Experts share final thoughts and advice for clinicians in the community to help optimize treatment success in CLL.
Kirollos S. Hanna, PharmD, BCPS, BCOP: To conclude, Dr Weis, I think our attendees or audience would appreciate maybe 1 or 2 points, in terms of advice that we have for clinicians in the community on how we can optimize success of treatment. Please, I want you to lead us with this, and I think either of us could potentially provide a couple of points of advice for our attendees.
Taylor M. Weis, PharmD, BCOP: Of course, one of the biggest is involving the patient in all your decisions. Make sure they are an active participant. Make sure they are aware of the pros and cons of each treatment decision, so they can make a good decision with you as the expert on the data. The second important thing as a pharmacist is education, education, education. Inform the patients of what they can expect with these therapies. Often the [adverse] effects that they may see, for example, with BTK [Bruton tyrosine kinase] inhibitors, ibrutinib specifically, may include diarrhea within the first 2 weeks. Just by telling them that this will get better with time, and how to manage it home, could significantly decrease the rate of patients who are self-discontinuing at home due to toxicities. The other thing is with these novel agents, it’s very different than our chemoimmunotherapy-based approaches in terms of monitoring adherence. We’re not at home watching the patient, making sure they take their oral medication each day, and so be sure to check in on the patient. Ask them what’s bothering them. Ask them why they aren’t taking their medication. Ask them if they are refilling their medication. Just by asking those questions, you can get a lot of more information.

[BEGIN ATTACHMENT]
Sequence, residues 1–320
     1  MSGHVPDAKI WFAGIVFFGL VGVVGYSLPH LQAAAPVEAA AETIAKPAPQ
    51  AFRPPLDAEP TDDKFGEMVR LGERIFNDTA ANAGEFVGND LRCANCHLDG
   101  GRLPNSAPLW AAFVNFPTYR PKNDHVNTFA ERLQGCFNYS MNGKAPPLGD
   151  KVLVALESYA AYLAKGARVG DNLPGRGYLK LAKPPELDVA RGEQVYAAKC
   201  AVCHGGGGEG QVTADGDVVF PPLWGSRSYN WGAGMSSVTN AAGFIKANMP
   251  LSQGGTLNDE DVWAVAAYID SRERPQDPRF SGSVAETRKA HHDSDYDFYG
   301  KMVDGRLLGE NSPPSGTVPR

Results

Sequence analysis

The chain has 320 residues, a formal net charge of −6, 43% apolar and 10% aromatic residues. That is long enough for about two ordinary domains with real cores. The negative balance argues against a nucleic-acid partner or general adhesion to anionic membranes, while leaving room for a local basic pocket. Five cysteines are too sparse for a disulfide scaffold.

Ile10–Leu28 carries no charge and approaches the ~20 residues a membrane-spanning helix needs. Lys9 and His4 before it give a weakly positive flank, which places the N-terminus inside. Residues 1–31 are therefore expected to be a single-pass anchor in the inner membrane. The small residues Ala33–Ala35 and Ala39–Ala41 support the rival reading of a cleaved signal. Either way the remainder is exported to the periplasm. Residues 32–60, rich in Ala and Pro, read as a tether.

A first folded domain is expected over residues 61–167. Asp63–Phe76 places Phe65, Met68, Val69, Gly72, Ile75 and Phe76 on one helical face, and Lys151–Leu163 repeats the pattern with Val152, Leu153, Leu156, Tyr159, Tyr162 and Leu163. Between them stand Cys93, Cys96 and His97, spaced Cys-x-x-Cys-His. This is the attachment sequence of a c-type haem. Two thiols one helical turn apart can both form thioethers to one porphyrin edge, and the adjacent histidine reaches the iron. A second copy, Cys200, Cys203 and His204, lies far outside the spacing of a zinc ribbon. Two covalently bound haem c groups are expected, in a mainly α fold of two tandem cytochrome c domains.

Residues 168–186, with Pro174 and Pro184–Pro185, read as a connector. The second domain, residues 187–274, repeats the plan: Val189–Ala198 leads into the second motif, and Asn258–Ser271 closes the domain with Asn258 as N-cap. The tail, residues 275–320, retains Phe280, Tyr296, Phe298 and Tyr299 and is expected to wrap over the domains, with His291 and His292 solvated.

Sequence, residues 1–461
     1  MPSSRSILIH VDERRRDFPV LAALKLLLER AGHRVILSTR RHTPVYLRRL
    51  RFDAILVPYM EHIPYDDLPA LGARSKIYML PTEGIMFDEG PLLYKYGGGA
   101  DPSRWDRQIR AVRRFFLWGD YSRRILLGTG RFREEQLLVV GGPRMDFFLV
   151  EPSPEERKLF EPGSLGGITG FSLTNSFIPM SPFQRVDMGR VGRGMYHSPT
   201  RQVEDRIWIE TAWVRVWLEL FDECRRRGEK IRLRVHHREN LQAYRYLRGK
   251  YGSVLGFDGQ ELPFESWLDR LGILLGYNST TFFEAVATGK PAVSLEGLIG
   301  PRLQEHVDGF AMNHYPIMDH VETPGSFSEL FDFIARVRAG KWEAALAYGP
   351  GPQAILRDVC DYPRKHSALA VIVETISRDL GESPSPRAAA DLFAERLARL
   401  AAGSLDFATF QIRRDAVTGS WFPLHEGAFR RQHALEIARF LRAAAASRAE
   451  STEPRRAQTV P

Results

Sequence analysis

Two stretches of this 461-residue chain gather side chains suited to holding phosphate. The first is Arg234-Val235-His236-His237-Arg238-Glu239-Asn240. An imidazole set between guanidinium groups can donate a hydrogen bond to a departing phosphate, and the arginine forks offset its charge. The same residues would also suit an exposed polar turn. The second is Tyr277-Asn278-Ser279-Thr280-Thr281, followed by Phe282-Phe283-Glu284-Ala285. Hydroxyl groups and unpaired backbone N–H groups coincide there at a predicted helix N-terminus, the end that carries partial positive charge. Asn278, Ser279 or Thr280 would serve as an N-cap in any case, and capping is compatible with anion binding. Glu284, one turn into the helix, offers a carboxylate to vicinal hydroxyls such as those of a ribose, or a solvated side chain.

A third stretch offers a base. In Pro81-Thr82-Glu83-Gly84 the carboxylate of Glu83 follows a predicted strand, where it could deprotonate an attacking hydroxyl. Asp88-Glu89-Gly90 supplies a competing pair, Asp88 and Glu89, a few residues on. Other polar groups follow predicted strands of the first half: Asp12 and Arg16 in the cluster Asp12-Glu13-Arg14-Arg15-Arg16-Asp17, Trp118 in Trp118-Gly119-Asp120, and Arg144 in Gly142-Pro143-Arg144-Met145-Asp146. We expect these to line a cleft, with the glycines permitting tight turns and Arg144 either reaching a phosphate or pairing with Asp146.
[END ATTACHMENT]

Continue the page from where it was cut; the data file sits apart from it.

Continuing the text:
Kirollos S. Hanna, PharmD, BCPS, BCOP: Excellent points. The only couple of things I would add to that, on top of education, ensuring that pharmacists play a role here in terms of evaluating drug-drug interactions. They are critical in this patient population whether, it’s CYP3A inhibition with your BTK inhibitors, CYP3A inhibition during their BCL2 ramp-up phase and while patients are on therapy. Try to evaluate that. We talked about the ease of somebody walking in and getting a PPI [proton pump inhibitor] and if they are on acalabrutinib, how that could be problematic. Ensure that patients understand what the expectations are. If you’re going the BCL2 anti-CD20 route, look at that risk assessment in terms of TLS [tumor lysis syndrome], especially during the ramp-up. Know who’s responsible for getting the laboratory tests done. Make sure patients understand the lab schedule, because sometimes within 1 day, the patients could be coming to the clinic, if it’s not inpatient, to get 1 or 2 labs drawn while they are getting ramped up. That’s going to be very important for your patients. Then lastly,stress the importance of adherence and compliance on therapy. Out of some of the trials we discussed today, such as RESONATE-2, there have been sub-analyses that looked at dose intensity, and those who were nonadherent or noncompliant to therapy, had a worse PFS [progression-free survival], and there was a trend toward decreased overall survival. Thus, it’s very important that there are strategies in place to ensure that patients are adherent and compliant with therapy and to intervene when you need to as a health care provider.
With that, I want to thank my colleague, Dr Weis. I think this discussion has been extremely informative. I know I personally have learned a lot. To our viewing audience, we hope you found this Directions in Oncology Pharmacy® insights discussion to be rich and informative. Thank you so much for the opportunity and for listening to us today.
Transcript edited for clarity.